Outside the house, I routinely carry my cell phone just about everywhere and enjoy using it to stay in touch with people and the net. Some may see it as a tether, but I find the omnipresent cell phone liberating. You can go anywhere at anytime and be confident that folks can still reach you if needed. That all changes once I get home. At that point, the phone comes out of my pocket and is placed down somewhere, usually in a place where I cannot hear it ring when a call comes in. Missing a desired call under these circumstances can be very frustrating.
For that reason, a small story in the technology section of today’s New York Times got my attention. Panasonic has deployed a cordless landline phone that has “Link-to-Cell” features built in. At the same time that it operates as a standard landline telephone, this Panasonic (the KX-TG6582T) uses Bluetooth to connect with your cell phone. When your cell phone is in the house, any incoming calls also ring on your landline phone which can be programed to sound a different tone for an incoming cell call than for a landline call. The Panasonic can also make outgoing calls through your cell and utilize it’s contacts list.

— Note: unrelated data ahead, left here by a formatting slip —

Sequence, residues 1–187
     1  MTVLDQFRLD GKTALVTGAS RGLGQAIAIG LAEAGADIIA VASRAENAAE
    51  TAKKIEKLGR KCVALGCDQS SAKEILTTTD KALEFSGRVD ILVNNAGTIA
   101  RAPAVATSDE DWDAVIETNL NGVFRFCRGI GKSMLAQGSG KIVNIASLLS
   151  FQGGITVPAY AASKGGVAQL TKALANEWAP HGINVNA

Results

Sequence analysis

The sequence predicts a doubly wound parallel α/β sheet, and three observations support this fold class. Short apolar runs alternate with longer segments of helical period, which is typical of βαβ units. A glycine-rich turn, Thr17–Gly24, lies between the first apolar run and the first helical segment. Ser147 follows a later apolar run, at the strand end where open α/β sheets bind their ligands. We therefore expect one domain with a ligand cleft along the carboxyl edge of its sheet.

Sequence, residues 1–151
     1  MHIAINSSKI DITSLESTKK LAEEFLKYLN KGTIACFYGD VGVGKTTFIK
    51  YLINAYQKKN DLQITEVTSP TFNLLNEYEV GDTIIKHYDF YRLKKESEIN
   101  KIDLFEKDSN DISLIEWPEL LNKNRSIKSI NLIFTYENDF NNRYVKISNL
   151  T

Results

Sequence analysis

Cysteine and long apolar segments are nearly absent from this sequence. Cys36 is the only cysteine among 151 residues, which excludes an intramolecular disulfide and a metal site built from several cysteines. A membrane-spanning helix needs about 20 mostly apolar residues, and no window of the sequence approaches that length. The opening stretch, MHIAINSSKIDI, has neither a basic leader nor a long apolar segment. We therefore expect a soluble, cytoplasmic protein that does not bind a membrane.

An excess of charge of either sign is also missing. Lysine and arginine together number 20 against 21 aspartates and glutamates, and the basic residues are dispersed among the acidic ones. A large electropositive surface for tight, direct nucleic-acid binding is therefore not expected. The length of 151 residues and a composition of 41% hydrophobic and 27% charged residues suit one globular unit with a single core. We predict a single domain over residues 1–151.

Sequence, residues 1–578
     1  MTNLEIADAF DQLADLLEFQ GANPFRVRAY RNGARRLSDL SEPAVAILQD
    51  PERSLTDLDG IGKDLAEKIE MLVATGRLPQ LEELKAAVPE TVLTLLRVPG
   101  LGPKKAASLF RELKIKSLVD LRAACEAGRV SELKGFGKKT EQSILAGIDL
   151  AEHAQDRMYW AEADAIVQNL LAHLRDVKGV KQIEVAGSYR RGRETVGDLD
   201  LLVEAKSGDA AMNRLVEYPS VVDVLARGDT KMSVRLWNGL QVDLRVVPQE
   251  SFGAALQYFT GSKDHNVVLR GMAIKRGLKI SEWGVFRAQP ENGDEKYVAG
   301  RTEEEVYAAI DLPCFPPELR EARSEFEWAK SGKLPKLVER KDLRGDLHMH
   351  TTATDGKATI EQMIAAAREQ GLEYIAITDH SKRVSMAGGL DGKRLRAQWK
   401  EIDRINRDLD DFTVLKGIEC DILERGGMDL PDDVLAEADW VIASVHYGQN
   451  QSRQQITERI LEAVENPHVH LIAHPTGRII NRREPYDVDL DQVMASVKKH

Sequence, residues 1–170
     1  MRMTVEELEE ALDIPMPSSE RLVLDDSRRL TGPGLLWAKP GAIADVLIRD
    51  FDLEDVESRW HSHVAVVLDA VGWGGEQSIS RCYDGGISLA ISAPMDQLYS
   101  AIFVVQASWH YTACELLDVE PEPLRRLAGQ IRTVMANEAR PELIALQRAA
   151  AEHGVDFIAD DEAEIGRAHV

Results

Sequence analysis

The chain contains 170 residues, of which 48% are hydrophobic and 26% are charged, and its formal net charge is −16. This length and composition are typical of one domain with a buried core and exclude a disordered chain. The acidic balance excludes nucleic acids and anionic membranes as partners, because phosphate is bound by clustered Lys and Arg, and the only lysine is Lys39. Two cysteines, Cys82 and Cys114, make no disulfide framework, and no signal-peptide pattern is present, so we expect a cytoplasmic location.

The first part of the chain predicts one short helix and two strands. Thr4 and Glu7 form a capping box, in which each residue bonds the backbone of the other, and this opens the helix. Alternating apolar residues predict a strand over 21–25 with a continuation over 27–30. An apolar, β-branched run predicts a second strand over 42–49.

Although this Panasonic which comes with two wireless handsets retails for only $80, the landline phones I now have are perfectly OK so I won’t be replacing them right now. Still, I’m pleased to know that somewhere in the not too distant future, I will acquire the means to seamlessly integrate my cell and landline telephones while in the house without the need for call forwarding or some other repetitive intervention.